Volkswagen Polo 1.0 SE 5dr

June 2014

picture of car from the front

Subtle cosmetic changes hide more important ones under the skin


Overall Rating 7Overall rating

Value for money Rating 8Value for money

Space and Practicality Rating 8Costs

Space and Practicality Rating 8Space and practicality

Controls and display Rating 8Controls and display

Comfort Rating 8Comfort

Security Rating 7Car security

Safety Rating 7Car safety


  • Cabin and boot space good for a car of this size
  • Instrument ergonomics some of the best in this class
  • High quality feel inside and out
  • On paper green credentials are impressive


  • Three-cylinder engines lack sparkle
  • Lots of competition in this market means Polo has tough task to stand out
  • Cosmetic refresh is subtle in the extreme
  • Despite high quality, cabin lacks the imagination of certain rival offerings

Volkswagen's Polo isn't like other superminis; the mini Golf is just that, a small version of VW's hugely popular and respected family hatch. As such, refinement and quality levels are higher than the sector average, yet recent years have seen the car's asking price become increasingly more accessible. This latest refresh might look modest but a lot of effort has been expended on boosting real world performance.

A first glance the car is instantly recognisable as a Polo, but the subtle exterior changes have brought the shape up to date an in line with the larger Golf. Part of the Polo's popularity stems from its upmarket appearance, and the modest changes to the lights and trim reflect this.

Inside the changes are just as limited, with new fabrics and a switch to the Golf's large infotainment screen the most obvious improvements. The Polo remains practical and easy to use, and those trading up from and older or cheaper supermini are likely to appreciate the car's upmarket ambience.

What justifies the fuss surrounding the apparent modest refresh is a more comprehensive mechanical upgrade. In a bid to keep a lid on fuel consumption and emissions, Volkswagen has switched to three-cylinder engines for the Polo's mainstream choice of power. Both petrol (1.0) and diesel (1.2) drop a cylinder, with the larger units gaining modest tweaks to improve their respective performance.

This higher tech approach also runs to offering the Polo with a few choice items from the larger Golf, such as advanced collision avoidance systems and the aforementioned high-end infotainment system. All in all, this move does much to elevate the Polo higher in status than its closest supermini rivals in the perceived and actual quality stakes.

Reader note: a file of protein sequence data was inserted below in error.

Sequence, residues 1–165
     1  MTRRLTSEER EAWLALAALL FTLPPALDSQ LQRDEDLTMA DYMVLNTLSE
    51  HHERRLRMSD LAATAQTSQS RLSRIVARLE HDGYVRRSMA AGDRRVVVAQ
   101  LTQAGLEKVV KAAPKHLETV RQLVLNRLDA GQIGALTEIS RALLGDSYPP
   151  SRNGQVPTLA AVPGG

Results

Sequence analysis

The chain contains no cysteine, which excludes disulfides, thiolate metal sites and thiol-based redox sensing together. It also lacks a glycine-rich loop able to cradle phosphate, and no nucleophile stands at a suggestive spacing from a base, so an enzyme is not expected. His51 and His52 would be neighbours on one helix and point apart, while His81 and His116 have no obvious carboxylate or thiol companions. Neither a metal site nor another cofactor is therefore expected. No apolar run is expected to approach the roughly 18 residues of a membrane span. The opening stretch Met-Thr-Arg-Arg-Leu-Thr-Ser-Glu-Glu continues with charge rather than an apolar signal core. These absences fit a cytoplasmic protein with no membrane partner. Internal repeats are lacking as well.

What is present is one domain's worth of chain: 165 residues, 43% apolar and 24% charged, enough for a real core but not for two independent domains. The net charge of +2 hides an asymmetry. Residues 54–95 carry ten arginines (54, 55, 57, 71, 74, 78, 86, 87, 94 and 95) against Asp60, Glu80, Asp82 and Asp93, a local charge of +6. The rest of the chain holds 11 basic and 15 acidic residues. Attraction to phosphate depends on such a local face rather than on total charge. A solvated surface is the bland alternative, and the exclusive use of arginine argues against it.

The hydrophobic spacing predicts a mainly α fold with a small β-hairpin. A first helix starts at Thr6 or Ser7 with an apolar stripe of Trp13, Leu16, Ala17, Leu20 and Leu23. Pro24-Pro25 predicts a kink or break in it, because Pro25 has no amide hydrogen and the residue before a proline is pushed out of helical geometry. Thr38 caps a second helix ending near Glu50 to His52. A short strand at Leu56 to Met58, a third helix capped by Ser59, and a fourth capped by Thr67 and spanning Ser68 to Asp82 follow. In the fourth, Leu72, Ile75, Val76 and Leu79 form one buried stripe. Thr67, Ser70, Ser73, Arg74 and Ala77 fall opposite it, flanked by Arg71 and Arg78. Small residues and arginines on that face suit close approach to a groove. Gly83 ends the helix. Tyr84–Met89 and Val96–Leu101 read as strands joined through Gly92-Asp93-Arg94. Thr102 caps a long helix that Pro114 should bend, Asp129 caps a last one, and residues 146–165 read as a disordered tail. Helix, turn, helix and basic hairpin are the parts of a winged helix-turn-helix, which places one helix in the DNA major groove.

Our verdict on the Volkswagen Polo 1.0 SE 5dr

While many of the revision to this generation of Polo are subtle in the extreme, the combined effect further enhances the car's desirability if you're seeking a small car delivering Golf-like levels of refinement and quality. Undemanding drivers won't notice, but the switch to three-cylinder motoring has resulted in a little more engine noise than is desirable, although the upside is a rounded package delivering a genuine big car feel.

Costs rating 8

Polos are strong used car performers and the added draw of the car's economy and CO2 performance should lead to modest savings at the pump and in the wallet. Specification is also better than for previous models, which should help make the ownership experience more enjoyable too.

Space and practicality
Space and Practicality Rating 8

Space in both the front and rear is good. The driver's seat, front passenger's seat and rear bench all offer good levels of comfort, practicality and space. Knee room in the rear is also better than expected. The boot is also a decent size and has a low loading lip for extra practicality, which can be boosted if you fold the rear seats.

picture of car from the rear

Refreshed Polo remains a handsome car even from the rear

Controls and display
Controls and Display Rating 8

The centre console controls are laid out logically and a multifunction wheel includes supplementary audio controls to keep distractions to a minimum. The focal point is a new multimedia touchscreen, which is clear and intuitive. In manual gearbox guise the shift is short and slick.

Comfort Rating 8

In the real world the car copes well with surface imperfections and is also much quieter than your average compact hatch. The icing on the cake is the supportive nature of the Polo's seats and the ample room available for its occupants.